Chris Lieberman, FISM News
The gun deal that a bipartisan group of senators agreed on earlier this month has hit a number of roadblocks, with lawmakers unable to produce the final text of the bill amidst debate over the details of some of the key provisions.
Earlier this month, a group of 10 Republican and 10 Democrat senators reached an agreement on the framework of a bill that would represent the most significant federal gun law in decades. The deal includes funding for states that pass red flag laws, investment in school safety and mental health services, and new restrictions on gun ownership for domestic abusers. However, over a week later that agreement has not translated into an actual bill.
“I kept asking to see text and it became apparent they didn’t have a bill,” said Sen. Mike Lee (R-Utah) on Fox News Sunday. “In fact, they don’t have a deal at all. What they have was agreement on a series of very broad promises.”
Despite reaching an agreement in principle, ironing out the details in the process of drafting legislation has proved contentious. Frustrations boiled over last Thursday when the lead Republican negotiator, Sen. John Cornyn (Texas), walked out of talks as the two sides tried to reach a final deal.
“It’s fish or cut bait,” said Cornyn after the meeting. “I don’t know what they have in mind, but I’m through talking.”
One of the major sticking points between Democrats and Republicans has been the so-called “boyfriend loophole,” which would restrict gun ownership for those who commit violence against a dating partner. Under the current law, those who are convicted of violence against a romantic partner are prohibited from purchasing a gun if the couple is married, cohabitating, or have a child together.
Democrats want to expand the restriction to include dating couples. However, the two sides are divided on the issues of what defines a dating couple, and whether or not those convicted of misdemeanors should be able to appeal to have their gun privileges restored.
Another point of contention is the funding of red flag laws, laws states can pass that allow law enforcement to temporarily confiscate guns from those deemed a danger to themselves or others. Democrats want to provide funding as incentive for states to pass such measures, while Republicans prefer to fund support for those with mental illness, such as crisis intervention.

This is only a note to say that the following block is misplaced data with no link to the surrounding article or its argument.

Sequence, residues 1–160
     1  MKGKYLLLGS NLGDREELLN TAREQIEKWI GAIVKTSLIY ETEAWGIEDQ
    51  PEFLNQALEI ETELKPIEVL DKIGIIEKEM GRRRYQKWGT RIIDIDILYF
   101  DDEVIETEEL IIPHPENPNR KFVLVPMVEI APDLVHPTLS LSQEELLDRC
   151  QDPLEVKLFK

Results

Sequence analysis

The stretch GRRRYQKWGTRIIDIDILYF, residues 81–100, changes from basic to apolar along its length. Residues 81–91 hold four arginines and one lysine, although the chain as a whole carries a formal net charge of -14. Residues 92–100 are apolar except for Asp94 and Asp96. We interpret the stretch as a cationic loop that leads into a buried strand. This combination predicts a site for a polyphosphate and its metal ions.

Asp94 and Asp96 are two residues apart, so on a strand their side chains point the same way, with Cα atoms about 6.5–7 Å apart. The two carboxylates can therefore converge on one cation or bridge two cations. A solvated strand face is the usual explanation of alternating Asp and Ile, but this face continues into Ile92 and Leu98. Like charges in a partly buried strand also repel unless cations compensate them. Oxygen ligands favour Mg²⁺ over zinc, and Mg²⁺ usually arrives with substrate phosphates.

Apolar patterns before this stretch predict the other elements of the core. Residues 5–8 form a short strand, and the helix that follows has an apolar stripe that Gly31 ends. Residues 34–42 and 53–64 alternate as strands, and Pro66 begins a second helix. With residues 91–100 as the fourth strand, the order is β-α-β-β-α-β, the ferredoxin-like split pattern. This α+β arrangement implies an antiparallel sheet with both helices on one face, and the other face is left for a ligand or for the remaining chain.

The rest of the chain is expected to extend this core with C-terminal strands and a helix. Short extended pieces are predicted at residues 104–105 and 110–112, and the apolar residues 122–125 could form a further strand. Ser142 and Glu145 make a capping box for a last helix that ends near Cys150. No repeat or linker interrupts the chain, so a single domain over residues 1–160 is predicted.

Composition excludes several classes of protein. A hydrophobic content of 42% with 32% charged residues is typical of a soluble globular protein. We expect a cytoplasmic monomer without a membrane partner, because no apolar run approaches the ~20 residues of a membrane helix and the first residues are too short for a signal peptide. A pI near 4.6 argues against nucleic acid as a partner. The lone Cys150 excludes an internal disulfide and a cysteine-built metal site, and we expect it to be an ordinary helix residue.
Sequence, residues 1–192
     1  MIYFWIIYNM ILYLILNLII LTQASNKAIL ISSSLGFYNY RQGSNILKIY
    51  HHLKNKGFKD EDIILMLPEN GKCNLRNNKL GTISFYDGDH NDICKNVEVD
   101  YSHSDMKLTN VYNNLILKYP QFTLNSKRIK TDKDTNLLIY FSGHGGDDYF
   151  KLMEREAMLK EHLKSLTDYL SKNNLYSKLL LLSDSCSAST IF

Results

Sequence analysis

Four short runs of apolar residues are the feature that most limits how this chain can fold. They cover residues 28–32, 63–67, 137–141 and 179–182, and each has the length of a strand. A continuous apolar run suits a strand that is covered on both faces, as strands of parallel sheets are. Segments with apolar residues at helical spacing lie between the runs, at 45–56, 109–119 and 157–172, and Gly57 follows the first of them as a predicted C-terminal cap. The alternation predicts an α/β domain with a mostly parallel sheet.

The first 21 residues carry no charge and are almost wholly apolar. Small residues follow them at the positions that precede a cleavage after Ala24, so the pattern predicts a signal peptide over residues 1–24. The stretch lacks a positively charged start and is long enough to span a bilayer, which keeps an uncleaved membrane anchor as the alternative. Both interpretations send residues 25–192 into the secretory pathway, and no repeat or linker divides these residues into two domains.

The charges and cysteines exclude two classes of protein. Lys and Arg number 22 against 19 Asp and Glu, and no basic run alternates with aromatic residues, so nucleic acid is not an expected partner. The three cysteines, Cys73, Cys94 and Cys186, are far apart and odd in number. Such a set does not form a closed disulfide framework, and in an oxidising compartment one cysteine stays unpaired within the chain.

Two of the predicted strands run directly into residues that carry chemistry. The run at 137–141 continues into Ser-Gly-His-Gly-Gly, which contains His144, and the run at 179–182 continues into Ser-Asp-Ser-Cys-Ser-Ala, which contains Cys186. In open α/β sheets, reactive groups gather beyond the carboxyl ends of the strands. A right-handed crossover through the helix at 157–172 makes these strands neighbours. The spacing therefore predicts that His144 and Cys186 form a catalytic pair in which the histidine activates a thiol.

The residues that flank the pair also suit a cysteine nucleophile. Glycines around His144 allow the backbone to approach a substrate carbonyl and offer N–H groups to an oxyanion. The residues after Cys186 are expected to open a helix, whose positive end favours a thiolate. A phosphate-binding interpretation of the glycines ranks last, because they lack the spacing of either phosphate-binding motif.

Despite the setbacks, Senators are still hoping to release the text of the bill as early as Monday, with the goal of passing the bill before Congress’ July 4 recess. Once drafted, the bill must retain support from all 10 Republicans who agreed on the original deal as well as all 50 Senate Democrats in order to overcome the filibuster and pass the upper chamber. Any defections would mean the bill would need more Republican support.
Lawmakers, especially Republicans, are forced to walk a fine line when it comes to negotiating gun legislation. While many on the left are demanding action on gun violence in the wake of the recent shootings in Uvalde and Buffalo, Republicans are trying not to create any gun restrictions that would upset the conservative base ahead of November’s midterm elections.
Cornyn faced boos in his home state of Texas on Friday when he mentioned the gun package, despite his claim that he “fought and kept President Biden’s gun grabbing wish list off the table.” As Republicans seem poised to take control of Congress in November, political third rails such as gun control could prove to be a potential threat.